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Sunday, June 23, 2013

Top 13 Stock Picks for 2013 to buy Long term $PM $TOL $EDU $ADP $TNGO $AAPL $JBSS #STOCKS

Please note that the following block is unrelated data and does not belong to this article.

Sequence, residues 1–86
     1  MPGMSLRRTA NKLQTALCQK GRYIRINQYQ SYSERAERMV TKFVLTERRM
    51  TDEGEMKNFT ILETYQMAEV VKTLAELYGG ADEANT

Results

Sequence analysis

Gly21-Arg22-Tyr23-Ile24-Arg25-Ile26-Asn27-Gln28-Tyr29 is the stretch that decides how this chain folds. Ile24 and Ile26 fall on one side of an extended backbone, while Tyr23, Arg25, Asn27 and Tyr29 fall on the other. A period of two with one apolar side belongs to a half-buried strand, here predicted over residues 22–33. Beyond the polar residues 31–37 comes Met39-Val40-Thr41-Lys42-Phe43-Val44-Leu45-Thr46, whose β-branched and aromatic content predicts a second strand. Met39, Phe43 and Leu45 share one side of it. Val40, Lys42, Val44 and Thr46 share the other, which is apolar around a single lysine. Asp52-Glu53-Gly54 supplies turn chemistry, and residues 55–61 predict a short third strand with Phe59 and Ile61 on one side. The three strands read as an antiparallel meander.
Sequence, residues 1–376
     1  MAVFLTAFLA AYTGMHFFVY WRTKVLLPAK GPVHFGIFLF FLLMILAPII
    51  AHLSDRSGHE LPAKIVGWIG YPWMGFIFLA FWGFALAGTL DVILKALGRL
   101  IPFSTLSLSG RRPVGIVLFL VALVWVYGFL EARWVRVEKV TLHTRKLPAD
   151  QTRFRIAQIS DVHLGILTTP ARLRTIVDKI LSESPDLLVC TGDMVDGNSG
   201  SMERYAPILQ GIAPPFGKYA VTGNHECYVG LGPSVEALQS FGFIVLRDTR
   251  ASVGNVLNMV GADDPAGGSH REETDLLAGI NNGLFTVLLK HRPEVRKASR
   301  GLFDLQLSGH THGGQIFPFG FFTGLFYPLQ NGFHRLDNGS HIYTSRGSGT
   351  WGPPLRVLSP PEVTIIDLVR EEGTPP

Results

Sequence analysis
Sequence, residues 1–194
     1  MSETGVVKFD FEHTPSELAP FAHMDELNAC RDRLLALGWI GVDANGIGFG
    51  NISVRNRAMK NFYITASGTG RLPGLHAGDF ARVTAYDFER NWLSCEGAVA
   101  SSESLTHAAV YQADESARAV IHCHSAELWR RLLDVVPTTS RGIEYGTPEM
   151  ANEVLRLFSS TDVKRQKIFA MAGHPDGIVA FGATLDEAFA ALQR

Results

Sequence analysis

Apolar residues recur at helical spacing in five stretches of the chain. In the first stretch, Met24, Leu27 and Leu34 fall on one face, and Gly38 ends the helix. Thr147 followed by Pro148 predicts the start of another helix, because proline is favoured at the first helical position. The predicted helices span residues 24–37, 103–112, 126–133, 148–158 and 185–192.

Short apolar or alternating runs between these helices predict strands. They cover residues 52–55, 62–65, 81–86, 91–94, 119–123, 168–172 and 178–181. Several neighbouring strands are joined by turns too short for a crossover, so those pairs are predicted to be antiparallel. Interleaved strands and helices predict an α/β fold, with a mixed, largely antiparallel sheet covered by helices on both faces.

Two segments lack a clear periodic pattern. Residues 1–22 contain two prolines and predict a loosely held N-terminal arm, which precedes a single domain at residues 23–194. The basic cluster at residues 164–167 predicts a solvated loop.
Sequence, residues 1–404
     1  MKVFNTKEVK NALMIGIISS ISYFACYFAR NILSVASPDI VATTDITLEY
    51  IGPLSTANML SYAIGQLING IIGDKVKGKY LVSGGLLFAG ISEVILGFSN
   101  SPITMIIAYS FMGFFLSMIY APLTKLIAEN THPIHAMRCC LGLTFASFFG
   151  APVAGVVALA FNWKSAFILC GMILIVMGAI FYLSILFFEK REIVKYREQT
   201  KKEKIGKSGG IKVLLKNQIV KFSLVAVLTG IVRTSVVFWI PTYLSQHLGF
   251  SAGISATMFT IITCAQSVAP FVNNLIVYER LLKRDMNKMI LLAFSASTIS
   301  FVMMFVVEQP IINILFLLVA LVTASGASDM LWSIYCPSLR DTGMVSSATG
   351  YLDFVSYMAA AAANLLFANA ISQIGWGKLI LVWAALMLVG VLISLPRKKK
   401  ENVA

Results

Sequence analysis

Mr. Market often takes investors for a wild ride that instills them with fear and drives them away from stocks. But giving in to your market-phobia means missing out on big wins and losing out to future inflation.Despite a rally that has seen the market more than double from its bear-market low in 2009, stocks still represent good value. Stocks in most major sectors are trading below their long-term average price-earnings ratios. At the same time, companies are sporting profit margins and cash levels above their historical norms. Cash-rich companies that can manufacture growth in a tepid economy will deliver the goods to shareholders. Instead, add a more-reliable brand of stock to your portfolio. Here are ten low-volatility stocks that will deliver consistent returns over the long haul without all the drama. They all have betas of less than 1, which suggests that their moves are less than the market's (beta is a measure of volatility compared with a particular market, in this case the U.S. stock market, as measured by Standard & Poor’s 500-stock index). On top of having low volatility, the companies tend to pay generous dividends and increase them regularly. They usually boast pristine balance sheets, with loads of cash and little debt. Plus they are industry leaders and have been around for a long time, so you’ll no doubt find their products and services familiar Year company was founded: 1882 (ExxonMobil merger was in 1999) 52-week high: $86.42 52-week low: $66.80 Consecutive years of dividend increases: 13 Yield: 2.8% Beta: 0.50 ExxonMobil may have ceded its claim as the world’s most valuable company to Apple (AAPL), but the energy giant has something Apple doesn’t: a corporate history spanning more than a century and a reputation for safety befitting a stock with a market value of $400 billion. Plus, it is one of just four companies with a perfect, AAA credit rating from Standard & Poor’s. Exxon is not without some challenges. The company has cut back its refining business, for example, as demand for oil in developed countries shrinks. Another hurdle is a huge stake in North American natural gas production Year company was founded: 1856 (as Minneapolis Milling Company) 52-week high: $40.73 52-week low: $34.15 Consecutive years of dividend increases: 29 Yield: 3.2% Beta: 0.18 The brands of consumer food giant General Mills are strong enough to withstand competitive pressures from cheaper generic brands. Is there really any substitute for Cheerios? Other brands include Lucky Charms, Progresso soups, Green Giant vegetables and Betty Crocker baking mixes. A weak economy and high commodity prices are challenges. A slightly muted outlook for the fiscal year that ends May 2013 in part reflects increased spending to shore up the company’s recently acquired Yoplait yogurt division, a laggard in the trendy Greek yogurt category. But General Mills is cutting costs elsewhere and using its formidable cash position to expand in faster-growing emerging markets and to finance dividends, share buybacks and acquisitions -- most recently a Brazilian food maker that is expected to more than double the company’s annual sales in Latin International Business Machines (IBM) Year company was founded: 1911 (as Computing-Tabulating Recording Company) 52-week high: $208.63 52-week low: $155.65 Consecutive years of dividend increases: 17 Yield: 1.8% Beta: 0.66 Big Blue has been around for a century and knows how to weather economic storms. The company offers a wide range of computer hardware, software and services, making it a one-stop shop for many corporate information-technology departments. Cloud computing could challenge IBM’s high-end hardware business. But the company continues to innovate. It spent $6.3 billion on research last year and won more U.S. patents (6,180) than any other company. Automatic Data Processing (ADP) Year company was founded: 1949 52-week high: $56.07 52-week low: $43.48 Consecutive years of dividend increases: 36 Yield: 2.9% Beta: 0.70 ADP is a bet on an improving economy and a rosier employment picture. The world’s largest provider of outsourced payroll services, it's another of the four triple-A-rated companies left standing. The annual dividend has grown from $1.16 per share in 2008 to a rate of $1.58 this year. A recessionary relapse would be bad news for ADP. But employment numbers in the U.S. are trending up. And untapped markets among small and midsize businesses, as well as overseas, provide plenty of running room for ADP. Read more at Coca-Cola Co. (KO) Year company was founded: 1886 52-week high: $76.94 52-week low: $62.19 Consecutive years of dividend increases: 23 Yield: 2.7% Beta: 0.52 You can order a Coke almost anywhere. Coca-Cola Co. delivers its soft drinks, which also include Sprite, Fanta, Tab and Fresca, to thirsty consumers in some 200 countries. (Other brands include Minute Maid orange juice, Powerade energy drink and Dasani bottled water.) And the company is investing billions of dollars more in overseas markets (which account for 70% of sales), especially in China, Russia, Brazil and other big emerging markets. Coke battled higher commodity prices last year but recently announced a plan to shave annual costs by $550 million to $650 million by the end of 2015. Analysts, on average, expect Coke to generate annualized earnings growth of nearly 8% over the next three to five years. Some, such as analyst Caroline Levy, at Credit Agricole Securities, think Coke can achieve a double-digit earnings growth rate over the long haul. The stock, at 18 times estimated earnings, isn’t cheap. But the bulls say that because of Coke’s steadiness, it deserves an even higher price-earnings ratio. Read more at Philip Morris International (PM) Year company was founded: 1847 (went public in 1881) 52-week high: $89.50 52-week low: $60.06 Consecutive years of dividend increases: 4 Yield: 3.7% Beta: 0.87 You’ll find the shares of Philip Morris International tempting if you have no concerns about investing in tobacco. Consider this telling prediction, from Morningstar: By 2020, there will be 1.4 billion smokers globally, up from 1.3 billion today, even if the percentage of the population that smokes declines 1% annually. Not counting China and the U.S., the market share of Marlboro, PMI’s best-selling brand, rose to 9% last year. And Parliament, a luxury brand with a high profit margin, saw sales volume increase 12%. Midprice L&M has been gaining market share in the European Union since 2009 and is the second-largest brand there. Unfortunately for smokers, cigarette price hikes are a frequent fact of life. But that pricing power helps PMI offset pockets of declining sales in Europe. And it contributes to the large profits that fund an aggressive stock-repurchase program and regular dividend increases, including a 20% boost in the payout rate last year Read more at Procter & Gamble (PG) Year company was founded: 1837 52-week high: $67.33 52-week low: $57.09 Consecutive years of dividend increases: 10 Yield: 3.8% Beta: 0.45 Check your pantry or laundry room and you'll probably find this company's products lining the shelves. P&G has more brands generating at least $1 billion in annual sales -- including Tide, Duracell and Charmin -- than any other household-goods maker. P&G hasn’t been immune to consumer belt-tightening in the U.S. and Europe and slower growth in emerging markets. As with many multinationals, currency swings have cut into revenues. The company recently warned that sales and profits for the fiscal year that ends in June 2013 would be less than previously expected. But P&G has responded with some belt-tightening of its own. The company is engineering a $10 billion, five-year cost-savings program aimed at plumping profit margins. And executives have vowed to focus on core markets and businesses, as well as on dreaming up the next game-changing product you don’t yet know you need. Disappointing short-term projections have pushed the stock to bargain levels, say long-term bulls. If P&G’s plan works, shareholders could come out winners as earnings growth re-accelerates. Meanwhile, investors are paid to wait for progress with a generous dividend on a stock that is less than half as volatile as the overall market Coach 52-Week High: $79.70 52-Week Low: $48.24 Annual Revenue: $4.9 billion Projected 2013 Earnings Growth: 14.7% From Kiplinger: Shares of the luxury handbag maker Coach (symbol: COH) fell 7% in 2012, mainly because of sluggish sales in North America. But skittish investors overlooked Coach's overseas business. In the July–September quarter, foreign sales rose 15% from the same period in 2011, driven by nearly 40% growth in China. Coach pulls in average sales of $2,500 per square foot per year from its more than 800 stores worldwide, 25% more than rival Tiffany. Coach has significantly raised its dividends every year since 2009; its stock yields 2.1 John B. Sanfilippo & Sons 52-Week High: $19.67 52-Week Low: $7.16 Annual Revenue: $721 million Projected 2013 Earnings Growth: 5.4% From Kiplinger: One bag of nuts is like any other, right? Not at John B. Sanfilippo & Sons (symbol: JBSS). The Elgin, Ill., nut processor has done much to make its brands -- Fisher and Orchard Valley Harvest -- stand out. Small innovations, such as the use of resealable bags, are just a start. The firm launches new products every year -- such as vanilla-flavored almonds in 2012. Adam Strauss, co-manager of Appleseed Fund, expects a 44% bump in 2013 profits from 2012. The stock, which has a market value of just $184 million, sells for 11 times estimated 2013 earnings Toll Brothers 52-Week High: $37.08 52-Week Low: $18.95 Annual Revenue: $1.7 billion Projected 2013 Earnings Growth: 61.2% From Kiplinger: Housing has turned the corner, and that’s pushed up homebuilder stocks. Shares of Toll Brothers (symbol: TOL), which bills itself as the nation's biggest builder of luxury homes, rose 62% in 2012, and the Horsham, Pa., company has plenty of momentum going into the new year. Toll Brothers recently reported that the backlog of homes under construction had climbed 59% from the year before. The company is diversified. Single-family homes account for 53% of sales; high-rises, senior communities and multifamily homes make up the rest. Analysts see profits rising 65% in the current fiscal year. New Oriental Education & Technology Group 52-Week High: $29.19 52-Week Low: $9.41 Annual Revenue: $841 million Projected 2013 Earnings Growth: 30.4% From James K. Glassman: New Oriental Education & Technology Group (symbol: EDU), which I recommended for 2010, gained a lovely 48% over the following 12 months. For the past year, however, New Oriental -- which dominates the market for private educational services in China (55 schools and 726 learning centers) -- has taken a dive, as have many Chinese stocks. It's now close to its early-2010 price, even though revenues have doubled Tangoe 52-Week High: $23.05 52-Week Low: $11.99 Annual Revenue: $140 million Projected 2013 Earnings Growth: 33.3% From James K. Glassman Terry Tillman, who analyzes software stocks for the Raymond James investment firm, chose SuccessFactors for 2012. Now he's enthusiastic about Tangoe (symbol: TNGO), which makes software that helps manage the telecom services that large and midsize companies use. Revenues in the July–September quarter were up 39% from the same period in 2011. When you consider Tangoe's fast growth, its P/E of 20, based on 2013 earnings estimates, seems attractive. But I'm mainly drawn by the firm's similarity to SuccessFactors. Two in a row?